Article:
Source: CFFN.ca Archive | KantipurOnline.com March 09, 2008
Prof Ronald L Watts is an internationally acclaimed scholar who has spent his life studying federal systems all over the world. There are many important things that Nepal, particularly at this stage, could learn from his rich experience of working in the shaping of 22 out of the 25 federations around the globe. Currently, a professor emeritus of political studies at Queen’s University, Canada, he was also a fulltime advisor to the Canadian government on constitutional affairs.
Prof Watts, who was here last week at the invitation of the UNDP, spent a few minutes before his departure with Puran P Bista and Kamal Raj Sigdel of The Kathmandu Post, talking over issues such as the prospects and challenges for a unitary country going federal vis-à-vis the experiences of different countries that went through similar transitions. Excerpts:
Q: You have come to Nepal for a certain purpose. What is your impression?
Prof Watts: My impression is that this is a very important time for Nepal right now with the elections going forward to the Constituent Assembly (CA). And my role was with the workshop that the UNDP organized to bring some leading academics and political people together to talk about what sorts of issues will need to be dealt with by the CA in creating a federal system.
I have spent my life studying federal systems for 50 years and comparing federal systems all over the world. There are 25 federal systems in the world; I’ve visited 22 of them. My purpose here was not to tell the Nepali people what to do but to make available to them information on what has been done elsewhere from the experience of using federalism in 25 different countries all over the world. What things have succeeded and what things have not succeeded so that you can learn from success and from failure. So that has been my role.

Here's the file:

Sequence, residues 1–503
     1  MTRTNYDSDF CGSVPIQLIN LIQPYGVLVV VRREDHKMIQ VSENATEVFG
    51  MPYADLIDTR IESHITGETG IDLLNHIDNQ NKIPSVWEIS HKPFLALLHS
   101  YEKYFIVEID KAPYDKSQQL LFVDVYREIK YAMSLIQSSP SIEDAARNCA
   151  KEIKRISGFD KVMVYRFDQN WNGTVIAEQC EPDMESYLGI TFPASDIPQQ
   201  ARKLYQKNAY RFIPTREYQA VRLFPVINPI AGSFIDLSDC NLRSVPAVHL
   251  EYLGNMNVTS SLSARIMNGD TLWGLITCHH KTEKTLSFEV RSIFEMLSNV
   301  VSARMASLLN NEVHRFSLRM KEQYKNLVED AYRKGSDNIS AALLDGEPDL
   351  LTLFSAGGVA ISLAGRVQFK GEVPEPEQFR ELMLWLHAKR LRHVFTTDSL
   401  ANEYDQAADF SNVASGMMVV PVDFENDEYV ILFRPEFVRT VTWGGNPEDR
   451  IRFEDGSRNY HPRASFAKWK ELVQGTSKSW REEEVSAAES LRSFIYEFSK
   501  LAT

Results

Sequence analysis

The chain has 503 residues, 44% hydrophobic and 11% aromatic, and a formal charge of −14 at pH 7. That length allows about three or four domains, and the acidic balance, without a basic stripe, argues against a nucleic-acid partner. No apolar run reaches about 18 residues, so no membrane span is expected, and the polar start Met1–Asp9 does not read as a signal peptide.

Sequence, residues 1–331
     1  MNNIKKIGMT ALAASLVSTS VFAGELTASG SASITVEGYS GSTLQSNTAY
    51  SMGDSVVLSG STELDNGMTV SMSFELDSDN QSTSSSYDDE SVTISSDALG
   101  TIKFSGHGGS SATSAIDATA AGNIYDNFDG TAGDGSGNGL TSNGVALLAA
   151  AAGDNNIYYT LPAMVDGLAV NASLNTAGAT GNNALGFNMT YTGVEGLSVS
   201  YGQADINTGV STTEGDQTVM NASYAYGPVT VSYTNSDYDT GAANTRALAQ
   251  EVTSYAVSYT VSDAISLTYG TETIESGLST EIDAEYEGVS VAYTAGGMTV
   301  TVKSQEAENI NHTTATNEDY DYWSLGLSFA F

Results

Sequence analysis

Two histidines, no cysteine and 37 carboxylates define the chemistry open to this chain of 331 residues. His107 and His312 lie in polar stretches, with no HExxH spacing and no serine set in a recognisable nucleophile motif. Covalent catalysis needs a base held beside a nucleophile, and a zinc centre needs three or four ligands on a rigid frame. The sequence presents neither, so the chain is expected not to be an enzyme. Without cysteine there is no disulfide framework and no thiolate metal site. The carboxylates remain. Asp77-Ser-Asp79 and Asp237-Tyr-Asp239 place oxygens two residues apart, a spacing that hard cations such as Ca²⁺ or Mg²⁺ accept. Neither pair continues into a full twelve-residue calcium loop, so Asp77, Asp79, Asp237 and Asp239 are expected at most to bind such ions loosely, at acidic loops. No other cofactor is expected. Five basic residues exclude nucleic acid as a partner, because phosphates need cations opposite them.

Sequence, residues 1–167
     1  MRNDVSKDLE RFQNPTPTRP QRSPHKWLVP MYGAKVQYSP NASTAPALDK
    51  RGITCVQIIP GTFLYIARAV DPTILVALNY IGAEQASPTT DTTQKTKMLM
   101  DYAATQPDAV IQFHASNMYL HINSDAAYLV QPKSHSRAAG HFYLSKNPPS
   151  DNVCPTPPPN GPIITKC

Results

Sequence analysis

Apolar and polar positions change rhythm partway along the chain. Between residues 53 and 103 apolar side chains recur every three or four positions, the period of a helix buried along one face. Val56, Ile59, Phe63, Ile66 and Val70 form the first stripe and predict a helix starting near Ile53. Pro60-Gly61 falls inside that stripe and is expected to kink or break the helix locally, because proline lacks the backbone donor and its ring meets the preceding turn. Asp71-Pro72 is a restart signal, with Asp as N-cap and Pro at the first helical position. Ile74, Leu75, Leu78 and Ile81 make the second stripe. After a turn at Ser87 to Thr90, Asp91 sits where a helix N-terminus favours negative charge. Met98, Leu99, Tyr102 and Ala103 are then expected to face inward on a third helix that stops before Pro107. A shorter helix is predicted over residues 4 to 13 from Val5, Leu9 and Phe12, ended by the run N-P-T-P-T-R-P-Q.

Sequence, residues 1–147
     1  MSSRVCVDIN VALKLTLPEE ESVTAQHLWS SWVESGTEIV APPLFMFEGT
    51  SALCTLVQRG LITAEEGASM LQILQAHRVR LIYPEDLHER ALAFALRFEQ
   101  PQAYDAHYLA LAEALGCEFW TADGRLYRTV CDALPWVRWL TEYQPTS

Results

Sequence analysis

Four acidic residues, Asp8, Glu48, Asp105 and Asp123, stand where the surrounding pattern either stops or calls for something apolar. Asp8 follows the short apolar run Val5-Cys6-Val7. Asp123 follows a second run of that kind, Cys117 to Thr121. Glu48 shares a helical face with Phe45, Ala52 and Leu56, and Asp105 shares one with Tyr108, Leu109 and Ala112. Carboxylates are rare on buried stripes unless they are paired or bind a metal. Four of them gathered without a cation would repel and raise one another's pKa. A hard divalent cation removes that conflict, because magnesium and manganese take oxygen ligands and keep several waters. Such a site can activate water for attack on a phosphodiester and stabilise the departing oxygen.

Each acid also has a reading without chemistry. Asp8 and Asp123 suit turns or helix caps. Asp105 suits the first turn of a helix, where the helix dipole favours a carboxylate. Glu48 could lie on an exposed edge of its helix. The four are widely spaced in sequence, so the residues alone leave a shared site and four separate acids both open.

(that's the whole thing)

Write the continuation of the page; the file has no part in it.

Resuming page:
Q: There have been debates regarding federalization of any country. Some countries that have opted for a federal system have failed while some have succeeded. What are the factors that determine failure and success?
Prof Watts: By and large, countries vary in terms of their internal diversity. Some countries are relatively homogeneous in terms of language, religion and so on. Japan, for instance, is a relatively homogeneous country. So there is less difference amongst groups within the country. But other countries, like my own Canada, either because they are very large or because there have many different groups inside them have found it desirable to give those different groups some measure of self-governance within the unity.
There are 25 federations in the world today representing 40 percent of the world’s population. At the beginning of the 21st century, this is a remarkably popular form of government.
But have all these countries successfully practiced a federal system of governance? Some federations, like the Ethiopian federation, have not sustained.
One of the things I would have to cite is that many federations have succeeded, some have failed. Therefore, it’s important to look why some federations have succeeded and why some have failed.
The first thing is that federalism can provide a democratically successful combination of unity and diversity. My evidence for that is four of the longest existing constitutional systems of the world today are federations—the United States, Switzerland, Australia, and Canada. Each of these has been under the same constitution for more than 100 years. The United States, more than 200 years.
In addition, if you look at the UN Human Development Index which tries to measure countries according to their economic prosperity, respect for rights, quality of the lives of their citizens, it ranks a total of 175 countries. Out of the top 20, eight are federations. So federation can be successful.
On the other hand, I’d argue that federalism is not a panacea. Adopting a federal system does not automatically create success. You have to create conditions. There are a great variety of federal forms or structures. So you have to have an appropriate structure of your own.